Honeysuckle: Garden Plant of the Month for June

When you walk through the garden or sit on your balcony in the evening, honeysuckle embraces you with a delectable sweet fragrance that makes you think of sultry summers and far-off places.

Fairytale at dusk
Honeysuckle is everything you could hope for in a trendy garden plant. It’s a natural-looking shrub with a slightly wild look thanks to the long vines. It blooms vigorously with flowers that you never get tired of looking at. And as a botanical bonus it also offers a fabulous sweet fragrance that is particularly released in the evenings – just when you’re sitting comfortably on your patio or balcony. They already knew it 5000 years ago: when the honeysuckle flowers, summer truly has arrived.

As the plant of love, honeysuckle is said to stimulate the libido and prompt erotic dreams with its ‘midsummer night scent’.

Climbing, trailing and flowering
Honeysuckle (the scientific name is Lonicera) is an extravagant shrub and climbing plant that easily wraps itself around other plants, trees or a fence post. The flowers are spectacular: a group of tubular petals accompanied by a variety of stamens that surround and hang from them like a fringe. The flowers are often dark pink and golden white, although they also occur in other shades. After flowering the plant produces red, blue or black berries. Honeysuckle is available as climbing species and as deciduous and evergreen shrubs. The plant will reach a height of between one and four metres, depending on the species, and flowers from June to the end of September/beginning of October.

5 reasons for choosing honeysuckle

  • It’s an easy garden plant that grows and flowers readily.
  • The flowers attract bumblebees, honeybees, butterflies and moths.
  • Can be used both as a container plant and planted in the soil.
  • Honeysuckle’s botanical look is bang on trend!
  • The flowers are a guaranteed hit on Instagram.

Tough northerner
Honeysuckle is a member of its own honeysuckle family, and grows mainly in the northern hemisphere. There are some 180 species, of which 100 occur in China, where many poems have been devoted to the plant. Alongside the cultivated garden varieties, honeysuckle also occurs extensively in the wild, particularly on the edge of thickets where the plant can get plenty of sun. The strong, flexible vines were being used as far back as the Bronze Age to make rope. Remains of this have been found.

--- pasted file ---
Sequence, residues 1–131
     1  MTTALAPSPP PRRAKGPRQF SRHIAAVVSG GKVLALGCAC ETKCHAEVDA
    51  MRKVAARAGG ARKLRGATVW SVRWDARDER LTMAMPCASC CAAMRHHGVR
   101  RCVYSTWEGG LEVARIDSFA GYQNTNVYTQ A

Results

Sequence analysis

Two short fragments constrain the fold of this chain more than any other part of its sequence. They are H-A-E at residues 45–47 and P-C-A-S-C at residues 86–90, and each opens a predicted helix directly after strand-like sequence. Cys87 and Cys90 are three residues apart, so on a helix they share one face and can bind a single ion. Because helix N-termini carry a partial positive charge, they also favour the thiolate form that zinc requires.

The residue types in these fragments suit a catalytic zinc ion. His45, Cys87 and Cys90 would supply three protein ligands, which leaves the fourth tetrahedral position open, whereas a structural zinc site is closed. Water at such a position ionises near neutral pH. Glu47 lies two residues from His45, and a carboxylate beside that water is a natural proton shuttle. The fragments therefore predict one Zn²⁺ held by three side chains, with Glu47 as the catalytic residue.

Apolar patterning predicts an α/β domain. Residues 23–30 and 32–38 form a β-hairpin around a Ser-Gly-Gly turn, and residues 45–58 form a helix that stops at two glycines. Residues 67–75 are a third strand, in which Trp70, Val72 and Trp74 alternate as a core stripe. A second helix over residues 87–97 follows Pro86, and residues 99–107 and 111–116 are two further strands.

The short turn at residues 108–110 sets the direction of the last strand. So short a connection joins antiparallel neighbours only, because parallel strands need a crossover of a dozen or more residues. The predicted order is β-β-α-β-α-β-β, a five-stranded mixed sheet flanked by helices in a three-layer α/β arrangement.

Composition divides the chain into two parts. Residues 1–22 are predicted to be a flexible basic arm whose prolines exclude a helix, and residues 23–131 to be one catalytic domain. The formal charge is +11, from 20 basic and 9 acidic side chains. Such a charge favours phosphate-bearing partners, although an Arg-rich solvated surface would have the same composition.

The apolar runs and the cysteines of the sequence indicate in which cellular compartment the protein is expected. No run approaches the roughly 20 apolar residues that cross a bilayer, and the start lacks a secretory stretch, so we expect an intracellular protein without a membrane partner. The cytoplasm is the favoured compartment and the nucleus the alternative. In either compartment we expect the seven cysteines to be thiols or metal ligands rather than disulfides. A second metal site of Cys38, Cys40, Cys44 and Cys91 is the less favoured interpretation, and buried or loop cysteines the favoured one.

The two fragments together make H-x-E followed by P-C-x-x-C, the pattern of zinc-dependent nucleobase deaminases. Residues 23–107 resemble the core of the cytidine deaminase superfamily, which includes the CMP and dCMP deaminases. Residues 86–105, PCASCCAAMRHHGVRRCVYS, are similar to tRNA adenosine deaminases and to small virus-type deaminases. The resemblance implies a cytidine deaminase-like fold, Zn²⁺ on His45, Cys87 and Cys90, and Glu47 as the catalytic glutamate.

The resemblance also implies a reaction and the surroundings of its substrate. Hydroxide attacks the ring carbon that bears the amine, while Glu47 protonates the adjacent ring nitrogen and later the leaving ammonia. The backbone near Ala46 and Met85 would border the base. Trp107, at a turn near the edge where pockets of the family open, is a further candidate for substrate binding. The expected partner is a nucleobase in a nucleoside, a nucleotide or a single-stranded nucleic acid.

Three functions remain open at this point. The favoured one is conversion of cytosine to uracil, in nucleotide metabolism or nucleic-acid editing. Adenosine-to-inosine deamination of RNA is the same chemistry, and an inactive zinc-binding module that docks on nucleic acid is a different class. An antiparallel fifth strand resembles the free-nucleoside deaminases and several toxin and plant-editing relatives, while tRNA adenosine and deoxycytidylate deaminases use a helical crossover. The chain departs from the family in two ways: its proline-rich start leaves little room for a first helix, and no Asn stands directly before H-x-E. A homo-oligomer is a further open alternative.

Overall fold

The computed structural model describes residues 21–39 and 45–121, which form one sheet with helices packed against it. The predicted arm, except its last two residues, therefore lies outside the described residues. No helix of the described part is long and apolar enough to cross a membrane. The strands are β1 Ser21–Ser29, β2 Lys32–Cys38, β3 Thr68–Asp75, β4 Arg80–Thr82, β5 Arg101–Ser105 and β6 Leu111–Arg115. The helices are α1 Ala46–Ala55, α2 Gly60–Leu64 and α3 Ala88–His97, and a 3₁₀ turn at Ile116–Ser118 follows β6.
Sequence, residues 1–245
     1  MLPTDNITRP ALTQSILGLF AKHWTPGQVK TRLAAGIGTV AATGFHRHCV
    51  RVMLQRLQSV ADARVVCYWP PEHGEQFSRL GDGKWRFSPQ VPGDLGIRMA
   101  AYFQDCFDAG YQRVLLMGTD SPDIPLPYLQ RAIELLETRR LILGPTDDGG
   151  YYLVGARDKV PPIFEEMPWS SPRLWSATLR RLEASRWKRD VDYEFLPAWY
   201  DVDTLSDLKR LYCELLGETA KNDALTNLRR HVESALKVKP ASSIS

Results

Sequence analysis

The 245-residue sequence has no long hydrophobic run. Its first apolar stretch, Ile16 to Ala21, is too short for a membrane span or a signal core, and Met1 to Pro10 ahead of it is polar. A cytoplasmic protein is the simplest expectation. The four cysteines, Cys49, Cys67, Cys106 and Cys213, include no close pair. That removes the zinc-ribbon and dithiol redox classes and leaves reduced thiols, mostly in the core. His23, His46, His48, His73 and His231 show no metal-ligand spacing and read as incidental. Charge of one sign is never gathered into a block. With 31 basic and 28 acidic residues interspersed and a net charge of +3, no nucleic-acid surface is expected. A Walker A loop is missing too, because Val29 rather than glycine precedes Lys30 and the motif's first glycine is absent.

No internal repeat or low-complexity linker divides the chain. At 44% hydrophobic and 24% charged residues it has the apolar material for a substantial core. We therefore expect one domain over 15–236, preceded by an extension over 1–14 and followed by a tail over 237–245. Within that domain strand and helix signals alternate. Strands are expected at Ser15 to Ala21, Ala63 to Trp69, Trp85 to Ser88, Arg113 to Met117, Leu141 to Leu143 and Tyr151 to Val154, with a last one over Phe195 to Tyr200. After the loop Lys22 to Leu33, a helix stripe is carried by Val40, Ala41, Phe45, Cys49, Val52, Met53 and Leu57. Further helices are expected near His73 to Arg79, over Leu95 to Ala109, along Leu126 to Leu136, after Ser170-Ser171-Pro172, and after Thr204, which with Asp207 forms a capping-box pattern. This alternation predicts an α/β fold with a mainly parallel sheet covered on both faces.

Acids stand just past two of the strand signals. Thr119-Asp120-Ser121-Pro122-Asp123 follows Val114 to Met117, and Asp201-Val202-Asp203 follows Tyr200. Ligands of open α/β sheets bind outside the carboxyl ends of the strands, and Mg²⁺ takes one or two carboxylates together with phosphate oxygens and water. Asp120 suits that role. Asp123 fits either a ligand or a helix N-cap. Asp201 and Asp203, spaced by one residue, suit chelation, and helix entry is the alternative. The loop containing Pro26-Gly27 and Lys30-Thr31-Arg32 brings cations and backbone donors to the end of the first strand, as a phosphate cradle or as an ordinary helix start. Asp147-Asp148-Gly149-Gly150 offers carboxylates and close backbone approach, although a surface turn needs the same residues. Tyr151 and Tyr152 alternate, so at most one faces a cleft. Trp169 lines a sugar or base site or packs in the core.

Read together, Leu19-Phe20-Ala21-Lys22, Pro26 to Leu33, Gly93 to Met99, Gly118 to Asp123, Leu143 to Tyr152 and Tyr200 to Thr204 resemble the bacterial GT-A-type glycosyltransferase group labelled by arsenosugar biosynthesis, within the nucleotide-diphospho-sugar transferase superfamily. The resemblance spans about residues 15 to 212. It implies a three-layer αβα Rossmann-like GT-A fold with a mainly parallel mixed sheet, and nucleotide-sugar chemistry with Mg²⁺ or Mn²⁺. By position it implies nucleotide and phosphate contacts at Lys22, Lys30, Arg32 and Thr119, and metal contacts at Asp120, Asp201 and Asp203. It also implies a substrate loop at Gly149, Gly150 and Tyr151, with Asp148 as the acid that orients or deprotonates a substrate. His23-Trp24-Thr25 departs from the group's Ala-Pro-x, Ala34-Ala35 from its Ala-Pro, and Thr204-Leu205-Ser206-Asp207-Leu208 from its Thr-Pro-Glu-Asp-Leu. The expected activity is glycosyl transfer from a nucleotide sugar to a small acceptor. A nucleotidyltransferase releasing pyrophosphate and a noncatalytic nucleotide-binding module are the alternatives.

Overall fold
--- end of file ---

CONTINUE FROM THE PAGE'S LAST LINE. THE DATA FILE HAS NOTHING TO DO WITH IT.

Sweet goats

  • Honeysuckle is also called ‘goat-leaf’. That corresponds to the French  ‘chèvre-feuille’, German ‘Geißblatt’ and  Italian ‘caprifoglio’.
  • The name ‘honeysuckle’ is derived from hummingbirds that love the sweet nectar and can fit neatly into the tubular flowers with their narrow beaks.
  • Honeysuckle’s sweet scent is released during the summer months at the time when the moths come out. The fragrance tells them exactly where they can find food.

“The sweet scent of honeysuckle mingled with the earthiness of recent rain. Summer rain. She’d always loved that smell.” Kate Morton – The Lake House


  • Honeysuckle likes a spot where the roots remain cool and the flowering upper part gets sun. The more sun the more flowers!
  • Because the plant can easily wrap itself around other plants, it’s important to think about its neighbours and whether you’d rather have a vertical green carpet or some space left in the garden. In the latter case it’s best to place honeysuckle in a more spacious spot.
  • The soil should always be slightly damp. Placing attractive stones around the stems both helps to keep the roots cool and prevents the unnecessary evaporation of water. Planting a low shrub in front of honeysuckle also helps keep the roots cooler.
  • Adding some plant food once a month during the growth period (March to May) helps keep the flowering going.
  • There’s no need to prune, but you can prune the plant if necessary. The plant will then reshoot.